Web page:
Resuming Habitat Restoration Project

Yesterday the U.S. Fish and Wildlife Service marked the resumption of an important habitat restoration project at Topsail Hill Preserve State Park near Destin, FL funded by the American Recovery and Reinvestment Act (ARRA). The project, which was temporarily delayed by the response to the oil spill in the Gulf of Mexico, is a joint effort with the Florida Department of Environmental Protection (DEP), Division of Recreation and Parks, and Three Rivers Resource Conservation and Development Council.

"The continuation of the Topsail Hill Preserve project is creating environmental and economic benefits for Florida's Gulf Coast region," said Acting Fish and Wildlife Service Director Rowan Gould. "This Recovery Act project is part of a long-range plan to restore Topsail Hill Preserve State Park to its natural state, restore the proper flow of water, and encourage plants and animals more to return and flourish," said Gould. "Our partnerships with multiple agencies on projects such as this are helping the Service to make a tremendous difference in the health of local communities across the nation, while making important contributions to the future of America's wildlife and wild places."

Located in Santa Rosa Beach, 10 miles east of Destin, Topsail Hill Preserve State Park encompasses 14 different natural communities, including wet prairie, scrub, beach dune and rare coastal dune lake habitat. It is also part of the dwindling habitat of the endangered Choctawhatchee beach mouse and endangered flatwoods salamander. The restoration work funded by ARRA will help reestablish the flow of surface and subsurface water, which is essential to the health of both upland and wetland natural communities within the Preserve.

"Restoration of the natural surface hydrology is essential to enhancing the wetlands and uplands in the watershed of two rare coastal dune lakes at Topsail Hill Preserve State Park," said DEP Deputy Secretary Bob Ballard. "This state park provides a direct economic impact of more than $7 million to the local community. This project will further enhance the valuable natural resources at Topsail Hill that attract Florida residents and visitors to the Santa Rosa Beach area."

In 2009, the U.S. Fish and Wildlife Service awarded $400,000 in ARRA funding to the Three Rivers Resource Conservation and Development Council of Milton, FL., to restore and enhance portions of Topsail Hill Preserve State Park. Three Rivers, in turn, awarded a contract to Middle Creek Contracting Co., a small construction company based in nearby Defuniak Springs, FL.

The project began in the summer of 2010, but was abruptly halted a short time later when Incident Command teams responding to the Deepwater Horizon oil spill needed to use Topsail Hill Road as an access road for beach clean-up and assessment teams. The project was on hold for several weeks and recently resumed.

"The Three Rivers Resource Conservation and Development Council is pleased to be participating in this ARRA-funded project that will help restore habitat at Topsail Hill Preserve State Park," said Travis Davis, project leader for the Council. "This project greatly contributes to our mission of conserving the natural resources and improving the economic condition of citizens in Northwest Florida."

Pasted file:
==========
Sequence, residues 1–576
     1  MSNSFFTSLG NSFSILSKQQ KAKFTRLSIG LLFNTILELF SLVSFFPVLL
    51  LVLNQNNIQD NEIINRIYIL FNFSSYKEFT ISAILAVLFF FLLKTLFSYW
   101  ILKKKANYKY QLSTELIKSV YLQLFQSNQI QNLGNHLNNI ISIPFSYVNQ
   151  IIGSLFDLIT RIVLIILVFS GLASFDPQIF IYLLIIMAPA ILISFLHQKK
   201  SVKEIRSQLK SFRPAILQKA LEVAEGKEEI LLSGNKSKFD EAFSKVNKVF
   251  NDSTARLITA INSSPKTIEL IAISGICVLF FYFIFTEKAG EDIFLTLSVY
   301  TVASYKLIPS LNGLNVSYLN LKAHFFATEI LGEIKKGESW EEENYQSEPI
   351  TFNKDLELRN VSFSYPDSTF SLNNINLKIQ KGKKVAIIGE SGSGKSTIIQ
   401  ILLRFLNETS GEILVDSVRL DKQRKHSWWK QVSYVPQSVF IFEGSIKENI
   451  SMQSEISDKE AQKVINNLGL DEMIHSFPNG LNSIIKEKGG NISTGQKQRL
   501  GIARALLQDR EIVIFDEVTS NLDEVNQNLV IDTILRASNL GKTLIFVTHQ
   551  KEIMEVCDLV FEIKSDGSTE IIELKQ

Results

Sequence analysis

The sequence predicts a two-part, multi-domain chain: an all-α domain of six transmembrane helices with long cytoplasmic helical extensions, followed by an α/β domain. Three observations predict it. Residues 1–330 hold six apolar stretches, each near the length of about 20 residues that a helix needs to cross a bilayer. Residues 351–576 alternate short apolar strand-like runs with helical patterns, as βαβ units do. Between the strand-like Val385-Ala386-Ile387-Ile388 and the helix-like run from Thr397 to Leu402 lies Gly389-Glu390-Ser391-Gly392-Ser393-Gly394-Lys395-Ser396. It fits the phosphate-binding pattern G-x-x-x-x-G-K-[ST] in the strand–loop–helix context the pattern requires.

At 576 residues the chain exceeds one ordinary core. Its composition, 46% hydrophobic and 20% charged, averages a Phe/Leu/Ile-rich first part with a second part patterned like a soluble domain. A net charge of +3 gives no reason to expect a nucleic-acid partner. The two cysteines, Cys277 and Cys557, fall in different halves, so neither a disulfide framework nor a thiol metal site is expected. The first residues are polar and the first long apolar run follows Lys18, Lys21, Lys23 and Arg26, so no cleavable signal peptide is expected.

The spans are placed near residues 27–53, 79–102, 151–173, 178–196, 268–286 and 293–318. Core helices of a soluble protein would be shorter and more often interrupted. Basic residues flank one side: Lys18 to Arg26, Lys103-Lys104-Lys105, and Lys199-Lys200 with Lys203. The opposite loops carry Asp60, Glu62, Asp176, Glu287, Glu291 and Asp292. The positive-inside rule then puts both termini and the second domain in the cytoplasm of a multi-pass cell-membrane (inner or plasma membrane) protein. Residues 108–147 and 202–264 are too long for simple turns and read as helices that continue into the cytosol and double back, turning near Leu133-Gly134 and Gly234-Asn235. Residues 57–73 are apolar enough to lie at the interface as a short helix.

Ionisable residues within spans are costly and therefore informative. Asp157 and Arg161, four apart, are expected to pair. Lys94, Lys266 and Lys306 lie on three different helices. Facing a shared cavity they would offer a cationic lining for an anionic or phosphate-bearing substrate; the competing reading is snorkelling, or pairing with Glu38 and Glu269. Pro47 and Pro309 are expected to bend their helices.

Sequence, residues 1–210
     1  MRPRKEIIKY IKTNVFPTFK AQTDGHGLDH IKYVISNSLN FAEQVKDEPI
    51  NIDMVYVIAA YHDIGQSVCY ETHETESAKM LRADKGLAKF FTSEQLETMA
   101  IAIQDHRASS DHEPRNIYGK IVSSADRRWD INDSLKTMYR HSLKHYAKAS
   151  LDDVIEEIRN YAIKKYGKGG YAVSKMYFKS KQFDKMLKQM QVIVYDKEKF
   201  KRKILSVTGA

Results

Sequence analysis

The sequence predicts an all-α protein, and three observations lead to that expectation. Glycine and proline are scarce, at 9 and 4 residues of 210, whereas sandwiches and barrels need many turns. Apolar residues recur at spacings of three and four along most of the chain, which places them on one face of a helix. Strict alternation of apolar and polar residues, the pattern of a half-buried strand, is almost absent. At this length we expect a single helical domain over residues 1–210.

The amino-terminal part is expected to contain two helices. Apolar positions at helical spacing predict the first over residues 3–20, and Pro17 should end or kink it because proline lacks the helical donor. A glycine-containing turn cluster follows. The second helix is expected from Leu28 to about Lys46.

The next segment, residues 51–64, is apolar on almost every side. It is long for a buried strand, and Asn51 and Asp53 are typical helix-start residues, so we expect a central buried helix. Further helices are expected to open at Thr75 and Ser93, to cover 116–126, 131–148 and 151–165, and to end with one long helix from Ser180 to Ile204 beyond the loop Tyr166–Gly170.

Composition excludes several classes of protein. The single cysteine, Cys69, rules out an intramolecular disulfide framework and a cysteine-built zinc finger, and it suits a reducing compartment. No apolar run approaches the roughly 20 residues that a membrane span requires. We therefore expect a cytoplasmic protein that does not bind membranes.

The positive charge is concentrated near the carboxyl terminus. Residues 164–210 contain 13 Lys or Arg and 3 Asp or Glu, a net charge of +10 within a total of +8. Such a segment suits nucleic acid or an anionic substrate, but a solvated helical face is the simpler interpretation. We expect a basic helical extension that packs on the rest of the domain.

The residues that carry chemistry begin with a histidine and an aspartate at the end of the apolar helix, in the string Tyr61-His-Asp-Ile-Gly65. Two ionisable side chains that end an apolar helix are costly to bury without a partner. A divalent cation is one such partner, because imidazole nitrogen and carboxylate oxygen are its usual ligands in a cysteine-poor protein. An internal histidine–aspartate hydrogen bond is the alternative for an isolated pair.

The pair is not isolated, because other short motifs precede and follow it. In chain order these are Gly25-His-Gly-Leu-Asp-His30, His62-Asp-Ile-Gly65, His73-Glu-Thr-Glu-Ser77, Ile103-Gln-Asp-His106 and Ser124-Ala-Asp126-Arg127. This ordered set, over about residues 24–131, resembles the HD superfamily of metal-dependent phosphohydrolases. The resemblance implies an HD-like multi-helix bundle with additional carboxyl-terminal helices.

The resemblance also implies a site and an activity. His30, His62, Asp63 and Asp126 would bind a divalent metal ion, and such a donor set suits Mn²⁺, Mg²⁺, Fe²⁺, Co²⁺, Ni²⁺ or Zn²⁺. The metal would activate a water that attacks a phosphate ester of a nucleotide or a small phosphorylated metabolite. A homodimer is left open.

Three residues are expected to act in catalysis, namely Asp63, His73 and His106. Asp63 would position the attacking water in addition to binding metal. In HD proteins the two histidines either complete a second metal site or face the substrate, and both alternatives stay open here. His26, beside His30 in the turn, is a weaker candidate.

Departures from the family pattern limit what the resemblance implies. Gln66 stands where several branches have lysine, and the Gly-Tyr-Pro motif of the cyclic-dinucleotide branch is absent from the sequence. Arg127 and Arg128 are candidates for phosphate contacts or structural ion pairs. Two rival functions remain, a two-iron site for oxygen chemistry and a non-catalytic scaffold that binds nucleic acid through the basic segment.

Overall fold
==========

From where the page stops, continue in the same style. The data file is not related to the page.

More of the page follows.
For a full list of ARRA funded projects nationwide, go to the Department of the Interior's Recovery Web Site at // Secretary of the Interior Ken Salazar has pledged unprecedented levels of transparency and accountability in the implementation of the Department's economic recovery projects. The public will be able to follow the progress of each project on the recovery web site, which will include an interactive map that enables the public to track where and how the Department's recovery dollars are being spent. In addition, the public can submit questions, comments or concerns at

The mission of the U.S. Fish and Wildlife Service is working with others to conserve, protect and enhance fish, wildlife, plants and their habitats for the continuing benefit of the American people. We are both a leader and trusted partner in fish and wildlife conservation, known for our scientific excellence, stewardship of lands and natural resources, dedicated professionals and commitment to public service. For more information on our work and the people who make it happen visit

Created in 1935 by the Florida Legislature, the Florida State Park system has grown from eight to 160 parks in the last 75 years. Today, the Florida Park Service manages more than 700,000 acres of Florida's natural environment, including 100 miles of beaches, eight National Historic Landmarks and 39 sites on the National Register of Historic Places. Florida State Parks has been recognized by the National Recreation and Park Association as the nation's first and only two-time Gold Medal winner for the nation's best park service. For more information about Florida's state parks, visit

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